the pathway to God. We give deference to them to maintain unity in truth
and love in our communities, and to understand God's holy will for us.
Once again we acknowledge God's ownership of our destinies in life.
While the commitments of these men today may seem extraordinary or
out of sinc with the rest of us, I'd like to suggest that in many ways
God calls all committed Christians to a similar stewardship way of life.
When I celebrate the Sacrament of Confirmation with teen-agers, I
remind them that God is calling them through this Sacrament, and through
the power of the Holy Spirit coming to them, to offer their lives 100%
in service to the Lord. All they are and all they have belong to Him. So
why not give it all back to Him.
Hold back nothing in serving God, and He will give you everything in
Remember the words of the priest at the Easter Vigil ceremony. As
he's lighting the Easter candle. Christ, yesterday and today, the alpha
and the omega. All time belongs to Him, and all the ages. To Him be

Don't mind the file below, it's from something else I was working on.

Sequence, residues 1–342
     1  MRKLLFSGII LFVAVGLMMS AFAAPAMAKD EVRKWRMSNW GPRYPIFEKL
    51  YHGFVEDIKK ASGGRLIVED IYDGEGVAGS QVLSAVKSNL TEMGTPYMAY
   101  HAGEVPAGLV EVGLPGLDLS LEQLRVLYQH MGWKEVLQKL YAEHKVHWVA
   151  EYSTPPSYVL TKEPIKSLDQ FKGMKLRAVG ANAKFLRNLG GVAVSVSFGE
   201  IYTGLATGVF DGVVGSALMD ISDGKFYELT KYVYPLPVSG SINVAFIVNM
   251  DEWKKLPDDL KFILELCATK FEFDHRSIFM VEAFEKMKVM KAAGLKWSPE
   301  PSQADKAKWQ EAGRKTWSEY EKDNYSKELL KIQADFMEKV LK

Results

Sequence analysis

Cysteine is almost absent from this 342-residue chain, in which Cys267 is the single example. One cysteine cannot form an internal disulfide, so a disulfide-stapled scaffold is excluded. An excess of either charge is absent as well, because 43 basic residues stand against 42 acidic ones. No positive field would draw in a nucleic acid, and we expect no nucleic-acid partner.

power and glory through the ages, forever and ever. Amen.
All time belongs to Him. I remind the confirmands of that fact. But
does all my time belong to Him, all my talents, all my treasures?
Hopefully, yes. Hopefully I give it all to him. I don't wait till I'm on
my death bed to give God everything,
These young men are doing that today. They are giving God everything,
because they realize He already owns everything they are and everything
Their profession today is a prayer commitment to Him, an
acknowledgement of Jesus Christ as the center of their lives and the
source of their love for Him and everyone else.
Can all of us participating today enter into the drama of their day
and their profession by making our own commitment today to serve God
100%, holding back nothing in our commitment to Him?
That is another name for Christian stewardship, another name for
total conversion of mind and heart to God, another name for holiness of
life. Not just Brother Luke Mary, Brother Paschal Mary, and Brother
Jason are called to serve the Lord 100%. In whatever vocation of life we